February 10, 2023

Shuffled ATG8 interacting motifs form an ancestral bridge between UFMylation and autophagy

Autophagy, or “self-eating”, is an essential cellular quality control mechanism that clears the cell of protein aggregates and damaged organelles. This mechanism is inactive under normal conditions and only triggered upon persistent cellular stress. Researchers from the labs of Yasin Dagdas at the Gregor Mendel Institute of Molecular Plant Biology (GMI) of the Austrian Academy of Sciences and Elif Karagöz at the Max Perutz Labs uncover a molecular switch that regulates autophagy in plants. Combining evolutionary analysis with a mechanistic experimental approach, they demonstrate that this regulatory mechanism is conserved in eukaryotes. The findings were published on February 10th in the EMBO Journal.

Persistent cellular stress, resulting from disturbances of cellular homeostasis, impairs cell fitness and lifespan. Cellular stress may develop, for example, when ribosomes collide while translating faulty mRNAs. As a result, cells get overburdened with unfinished and improperly formed protein products that form toxic protein aggregates. During cellular stress, cells can call on an arsenal of quality control (QC) mechanisms to restore homeostasis. Cells experiencing prolonged stress in the endoplasmic reticulum (ER), the cellular center for protein synthesis and transport, initiate an ER-specific autophagic pathway called “ER-phagy” to selectively remove damaged ER. When ribosomes collide on the ER, another QC pathway, called “UFMylation”, cooperates with ER-phagy to get rid of incompletely synthesized proteins at the ER membrane. UFMylation is an enigmatic QC pathway based on a protein post-translational modification that resembles ubiquitin and its functions are still being deciphered.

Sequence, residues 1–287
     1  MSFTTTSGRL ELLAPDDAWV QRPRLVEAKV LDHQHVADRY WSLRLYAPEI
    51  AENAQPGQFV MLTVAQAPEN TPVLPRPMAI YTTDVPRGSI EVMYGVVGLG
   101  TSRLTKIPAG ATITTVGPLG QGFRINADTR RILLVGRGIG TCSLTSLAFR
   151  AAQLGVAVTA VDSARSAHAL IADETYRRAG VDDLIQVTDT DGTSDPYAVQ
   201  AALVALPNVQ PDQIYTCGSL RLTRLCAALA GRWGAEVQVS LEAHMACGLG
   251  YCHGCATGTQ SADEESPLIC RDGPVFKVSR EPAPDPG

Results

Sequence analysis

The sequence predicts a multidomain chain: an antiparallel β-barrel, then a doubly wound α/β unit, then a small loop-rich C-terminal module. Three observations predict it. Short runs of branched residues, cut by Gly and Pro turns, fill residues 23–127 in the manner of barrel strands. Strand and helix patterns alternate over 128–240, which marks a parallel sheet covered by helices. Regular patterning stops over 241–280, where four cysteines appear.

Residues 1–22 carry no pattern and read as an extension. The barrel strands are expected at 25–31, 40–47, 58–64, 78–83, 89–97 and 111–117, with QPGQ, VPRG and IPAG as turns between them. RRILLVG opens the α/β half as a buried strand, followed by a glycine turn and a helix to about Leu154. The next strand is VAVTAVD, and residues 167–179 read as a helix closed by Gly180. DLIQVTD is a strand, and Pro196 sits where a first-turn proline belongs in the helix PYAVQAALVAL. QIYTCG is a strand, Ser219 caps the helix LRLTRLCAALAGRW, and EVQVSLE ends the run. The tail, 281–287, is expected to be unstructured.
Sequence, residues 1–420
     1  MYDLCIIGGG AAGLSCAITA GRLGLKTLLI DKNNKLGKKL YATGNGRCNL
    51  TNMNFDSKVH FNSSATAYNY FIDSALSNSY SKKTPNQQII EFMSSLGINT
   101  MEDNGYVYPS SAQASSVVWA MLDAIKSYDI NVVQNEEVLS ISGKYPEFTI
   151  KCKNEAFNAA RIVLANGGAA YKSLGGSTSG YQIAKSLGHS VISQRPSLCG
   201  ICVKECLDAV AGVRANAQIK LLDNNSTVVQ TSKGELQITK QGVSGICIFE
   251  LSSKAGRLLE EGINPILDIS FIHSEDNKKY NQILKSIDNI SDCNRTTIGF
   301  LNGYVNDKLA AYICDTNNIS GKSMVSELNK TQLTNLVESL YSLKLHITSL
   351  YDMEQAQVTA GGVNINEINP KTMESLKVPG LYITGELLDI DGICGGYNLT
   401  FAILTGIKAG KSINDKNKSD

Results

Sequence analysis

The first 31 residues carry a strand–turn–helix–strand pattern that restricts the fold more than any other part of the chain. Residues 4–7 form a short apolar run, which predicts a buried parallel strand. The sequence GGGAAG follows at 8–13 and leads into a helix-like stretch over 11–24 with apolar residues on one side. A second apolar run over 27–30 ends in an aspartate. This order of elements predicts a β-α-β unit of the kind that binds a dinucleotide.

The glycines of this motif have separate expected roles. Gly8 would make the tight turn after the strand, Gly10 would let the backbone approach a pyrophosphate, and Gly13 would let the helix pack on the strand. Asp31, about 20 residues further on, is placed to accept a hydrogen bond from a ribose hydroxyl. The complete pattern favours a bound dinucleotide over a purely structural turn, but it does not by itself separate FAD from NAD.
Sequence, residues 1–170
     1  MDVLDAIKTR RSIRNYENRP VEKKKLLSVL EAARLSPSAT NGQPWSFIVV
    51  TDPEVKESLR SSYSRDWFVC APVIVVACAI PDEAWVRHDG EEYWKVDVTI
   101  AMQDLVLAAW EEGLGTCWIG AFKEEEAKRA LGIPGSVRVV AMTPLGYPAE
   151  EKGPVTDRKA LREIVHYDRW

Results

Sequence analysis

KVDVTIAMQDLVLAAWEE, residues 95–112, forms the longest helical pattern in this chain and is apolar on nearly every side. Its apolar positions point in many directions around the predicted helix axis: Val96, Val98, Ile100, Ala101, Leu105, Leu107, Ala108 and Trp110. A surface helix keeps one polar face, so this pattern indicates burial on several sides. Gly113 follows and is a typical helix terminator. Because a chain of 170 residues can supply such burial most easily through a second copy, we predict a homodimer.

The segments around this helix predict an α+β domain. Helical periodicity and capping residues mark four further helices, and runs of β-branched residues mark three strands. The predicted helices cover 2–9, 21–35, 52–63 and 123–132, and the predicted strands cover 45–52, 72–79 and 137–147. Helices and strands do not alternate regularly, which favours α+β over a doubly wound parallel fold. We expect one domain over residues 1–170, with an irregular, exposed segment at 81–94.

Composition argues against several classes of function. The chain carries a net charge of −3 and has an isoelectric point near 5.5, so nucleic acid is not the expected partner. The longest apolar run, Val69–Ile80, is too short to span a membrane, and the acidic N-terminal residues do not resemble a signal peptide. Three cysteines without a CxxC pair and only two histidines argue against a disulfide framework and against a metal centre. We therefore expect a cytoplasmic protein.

Now, a team of researchers at the Vienna BioCenter, including multiple members of our Special Research Program, uncover an ancient molecular switch that regulates ER-phagy. Using a combination of evolutionary biology and mechanistic experimentation, the researchers demonstrate that the competition between two ubiquitin-like molecules, UFM1 and ATG8 creates a molecular switch in the master regulator C53, thus initiating ER-phagy.


Read the full story in the GMI news here.



Lorenzo Picchianti#Víctor Sánchez de Medina Hernández#Ni Zhan#Nicholas At IrwinRoan GrohMadlen StephaniHarald HorneggerRebecca BeveridgeJustyna Sawa-MakarskaThomas LendlNenad GrujicChristin NaumannSascha MartensThomas A RichardsTim ClausenSilvia RamundoG Elif Karagöz*, Yasin Dagdas*:

Shuffled ATG8 interacting motifs form an ancestral bridge between UFMylation and autophagy.

EMBO Journal. 2023 February 10.

DOI: 10.15252/embj.2022112053


#These authors contributed equally to this work.
*Co-corresponing authors.

Graphical Synopsis. Phylogenomic profiling has shown that UFMylation coevolves with the shuffled ATG8-interacting motifs (sAIMs) in the ER-phagy receptor C53. Further mechanistic analyses demonstrated that sAIMs regulate C53-mediated autophagy by competitively binding UFM1 and ATG8. ©Picchianti et al., EMBO J. (2023) https://doi.org/10.15252/embj.2022112053